Restaurant owners “cautiously optimistic” but still struggling with food shortage and staffing challenges
CHARLESTON, S.C. (WCSC) - Many restaurants are still struggling to survive, and some reports suggest a staggering number of them could close permanently by the end of October.
“In surveys of independent restaurants and bars taken in May and July, owners and workers were asked about their current operational procedures, the challenges they face in staying open, and their outlook for the future. The results revealed independent bars and restaurants had, on average, just 66% confidence they could stay operational through October,” according to a survey study completed by the James Beard Foundation.
However, some restaurant owners in the Lowcountry are feeling much more optimistic, though cautious, about the financial future of their businesses, especially since Gov. Henry McMaster lifted capacity restrictions last week.
According to the Summerville Chamber of Commerce, Taco Boy’s location in Nexton they are moving to 85% capacity at this week and then full, 100% capacity later this month.
“They have the space to be able to do that, but not everybody can.” the chamber’s director of marketing and communication, Jena Ferguson, said.
Smaller locations, like Eva’s on Main, aren’t able to return to full capacity because of the other restaurant safety guidelines that are still in effect, like 6 feet between tables for social distancing and the required use of face coverings for patrons and staff.
“In order for me to adhere to the six-foot guideline, it still limits my capacity,” Eva’s owner Whitney Easler said. “For us it’s still a compromise, and that’s okay. Even though we would certainly would like for our business level to grow and be able to seat a little more capacity in the dining room that helps us to maximize our revenue and to hopefully be able to make a profit and keep our doors open, at the same time, the safety of our customers and our employees is really paramount.”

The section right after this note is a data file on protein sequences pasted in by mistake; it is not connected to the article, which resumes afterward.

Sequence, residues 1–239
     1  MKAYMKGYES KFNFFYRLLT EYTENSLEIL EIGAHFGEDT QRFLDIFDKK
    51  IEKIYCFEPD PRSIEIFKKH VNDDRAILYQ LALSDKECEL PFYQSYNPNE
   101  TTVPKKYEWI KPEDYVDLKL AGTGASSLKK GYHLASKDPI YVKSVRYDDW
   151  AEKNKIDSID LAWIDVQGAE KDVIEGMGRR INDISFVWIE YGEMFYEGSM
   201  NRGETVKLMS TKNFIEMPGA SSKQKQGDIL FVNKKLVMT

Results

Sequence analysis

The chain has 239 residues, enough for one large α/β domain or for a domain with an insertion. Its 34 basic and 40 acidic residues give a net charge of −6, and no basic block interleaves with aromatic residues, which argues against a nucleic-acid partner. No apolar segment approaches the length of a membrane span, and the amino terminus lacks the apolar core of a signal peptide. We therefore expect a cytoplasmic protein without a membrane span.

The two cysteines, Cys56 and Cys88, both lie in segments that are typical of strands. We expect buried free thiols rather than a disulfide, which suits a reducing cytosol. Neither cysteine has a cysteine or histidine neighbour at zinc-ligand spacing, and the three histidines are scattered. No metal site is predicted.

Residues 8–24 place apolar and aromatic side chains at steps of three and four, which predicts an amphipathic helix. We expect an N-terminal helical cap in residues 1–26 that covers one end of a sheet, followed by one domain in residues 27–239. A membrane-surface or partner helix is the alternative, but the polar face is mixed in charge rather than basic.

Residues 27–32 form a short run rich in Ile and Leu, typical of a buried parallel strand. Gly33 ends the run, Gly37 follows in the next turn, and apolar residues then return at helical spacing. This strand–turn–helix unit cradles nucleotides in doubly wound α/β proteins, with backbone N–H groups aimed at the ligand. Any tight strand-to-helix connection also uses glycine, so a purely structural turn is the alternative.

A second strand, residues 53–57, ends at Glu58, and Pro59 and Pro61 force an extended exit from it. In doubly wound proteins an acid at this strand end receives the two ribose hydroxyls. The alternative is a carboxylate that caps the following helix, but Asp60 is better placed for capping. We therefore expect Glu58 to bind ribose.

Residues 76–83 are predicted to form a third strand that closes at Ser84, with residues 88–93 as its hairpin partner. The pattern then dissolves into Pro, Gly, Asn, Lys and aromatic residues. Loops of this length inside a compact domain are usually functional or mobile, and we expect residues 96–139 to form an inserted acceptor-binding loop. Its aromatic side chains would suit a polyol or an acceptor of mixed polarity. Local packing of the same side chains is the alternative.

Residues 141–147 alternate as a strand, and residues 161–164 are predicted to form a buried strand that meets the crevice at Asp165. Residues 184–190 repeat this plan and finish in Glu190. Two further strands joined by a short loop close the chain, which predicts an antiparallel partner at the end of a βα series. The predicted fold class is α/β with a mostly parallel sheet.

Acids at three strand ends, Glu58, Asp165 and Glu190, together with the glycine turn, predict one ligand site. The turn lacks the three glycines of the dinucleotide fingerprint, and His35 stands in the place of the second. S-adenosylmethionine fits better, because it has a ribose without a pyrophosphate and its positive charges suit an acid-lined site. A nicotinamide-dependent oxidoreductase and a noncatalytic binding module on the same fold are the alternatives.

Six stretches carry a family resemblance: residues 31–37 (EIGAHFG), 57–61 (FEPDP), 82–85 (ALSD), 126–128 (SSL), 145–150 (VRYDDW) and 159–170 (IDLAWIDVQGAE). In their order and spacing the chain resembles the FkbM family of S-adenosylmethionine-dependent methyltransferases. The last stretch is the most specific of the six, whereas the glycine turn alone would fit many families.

Restaurants are also dealing with several other challenges that are beyond their control right now like a shortage of food, higher prices for products, and limited staffing.
“Almost immediately there was a shortage of food. We try to source locally which is a little more time consuming now because you never know what your vendors will have and what they won’t,” Easler said. “You don’t know what you’re going to get. My husband, who is my business partner, he spends a lot of time outside the restaurant running all over town trying to find the items that don’t show up and that we are missing.”
Restaurants are also struggling to rebuild their staffs. A new study from the National Restaurant Association says it could be years, instead of months, before the restaurant industry, as a whole, can return to pre-coronavirus employment levels.
“We are perpetually short staffed in our kitchen,” Easler said. “You do scramble. We are short staffed. Today, would be the perfect example of that, I am short staffed today in both the kitchen and the front of the house. But you make it work, and our customers have been very patient, and they understand.”
Despite the grim outlook, many restaurant owners, like Easler, remain cautiously optimistic about how the economy is moving forward.
“The silver lining is we have a lot of locals that do follow us and have stuck it out with us and continue to dine with us,” Easler said. “They understand the situation we are in and have been very supportive.”
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